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America no greater gift than their own characters and lofty lives.
Scarcely any attempt at criticism was made of our writers in this volume; in the companion volume of American Prose, where all but one of the poets appear again, the opportunity has been taken to call attention more specifically to the art, as here to the biographic details. The two volumes will be found to complement each other.
THIS Volume of American Poems has been prepared with special reference to the interests of young people, both at school and at home. Reading-books and popular collections of poetry contain many of the shorter and well-known poems of the authors represented in this book, but the scope of such collections does not generally permit the introduction of the longer poems. It is these poems, and, with a slight exception, these only, that make up this volume. The power to read and enjoy poetry is one of the finest results of education, but it cannot be attained by exclusive attention to short poems; there is involved in this power the capacity for sustained attention, the remaining with the poet upon a long flight of imagination,
the exercise of the mind in bolder sweep of thought. Moreover, the familiarity with long poems produces greater power of appreciation when the shorter ones are taken up. It is much to take deep breaths of the upper air, to fill the lungs with a good draught of poetry, and unless one accompanies the poet in his longer reaches, he fails to know what poetry can give him.
In making the selection for this volume a very simple principle has been followed. It was desired to make the book an agreeable introduction to the pleasures of poetry, and, by confining it to American poetry of the highest order, to give young people in America the most natural acquaintance with literature. These poets are our interpreters. All but one are still living, so that the poetry is contemporaneous and appeals through familiar forms; as far as possible narrative poems have been chosen, and, in the arrangement of authors, regard has been had to degrees of difficulty, the more involved and subtle forms of poetry following the simpler and more direct. Throughout, the book has been conceived in a spirit which welcomes poetry as a noble delight, not as a grammatical exercise or elocutionary task.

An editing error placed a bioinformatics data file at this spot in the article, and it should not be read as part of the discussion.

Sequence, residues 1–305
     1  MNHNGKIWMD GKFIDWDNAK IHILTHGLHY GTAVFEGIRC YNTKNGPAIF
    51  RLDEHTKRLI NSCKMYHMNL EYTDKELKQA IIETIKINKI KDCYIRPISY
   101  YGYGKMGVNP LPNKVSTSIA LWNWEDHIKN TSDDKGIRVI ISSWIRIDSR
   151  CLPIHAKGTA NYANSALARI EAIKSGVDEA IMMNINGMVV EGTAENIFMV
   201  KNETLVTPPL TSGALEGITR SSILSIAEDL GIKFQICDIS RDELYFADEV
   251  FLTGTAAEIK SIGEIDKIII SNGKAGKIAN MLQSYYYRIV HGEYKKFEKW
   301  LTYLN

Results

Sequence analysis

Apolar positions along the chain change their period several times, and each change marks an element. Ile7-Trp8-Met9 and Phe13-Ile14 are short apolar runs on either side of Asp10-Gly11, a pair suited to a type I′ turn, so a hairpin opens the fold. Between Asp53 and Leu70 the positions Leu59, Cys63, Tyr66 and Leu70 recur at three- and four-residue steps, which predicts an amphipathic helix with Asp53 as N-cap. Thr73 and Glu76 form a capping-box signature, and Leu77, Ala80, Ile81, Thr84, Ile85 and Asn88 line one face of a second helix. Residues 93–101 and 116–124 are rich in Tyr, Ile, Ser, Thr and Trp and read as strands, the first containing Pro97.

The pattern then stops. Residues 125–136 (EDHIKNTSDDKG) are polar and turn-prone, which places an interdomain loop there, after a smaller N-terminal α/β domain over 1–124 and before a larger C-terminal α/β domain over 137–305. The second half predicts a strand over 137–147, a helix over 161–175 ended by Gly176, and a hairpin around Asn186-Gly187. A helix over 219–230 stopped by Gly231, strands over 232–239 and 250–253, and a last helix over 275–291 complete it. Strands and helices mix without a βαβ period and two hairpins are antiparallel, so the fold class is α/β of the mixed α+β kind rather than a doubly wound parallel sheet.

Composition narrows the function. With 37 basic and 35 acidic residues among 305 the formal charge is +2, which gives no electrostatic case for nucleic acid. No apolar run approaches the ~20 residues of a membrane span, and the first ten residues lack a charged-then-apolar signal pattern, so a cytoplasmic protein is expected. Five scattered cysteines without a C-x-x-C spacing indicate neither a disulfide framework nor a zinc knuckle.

With the same intention the critical apparatus has been treated in a literary rather than in a pedagogical way. The editor has imagined himself reading aloud, and stopping now and then to explain a phrase, to clear an allusion, or to give a suggestion as to similar forms in literature. Since several of the poems are
semi-historical in character, the historic basis has been carefully pointed out, and hints have been given for further pursuit of the subjects treated. Words, though obsolete or archaic, are not explained when the dictionary account is sufficient. A brief sketch of the author precedes each section.
It is strongly hoped that the book will be accepted by schools as a contribution to that very important work in which teachers are engaged, of giving to their pupils an interest in the best literature, a love for pure and engaging forms of art. If, with all our drill and practice in reading during the years of school-life, children leave their schools with no taste for good reading, and no familiarity with those higher forms of literature that have grown out of the very life which they are living, it must be questioned whether the time given to reading has been most wisely employed. August, 1879.
THE COURTSHIP OF MILES STANDISH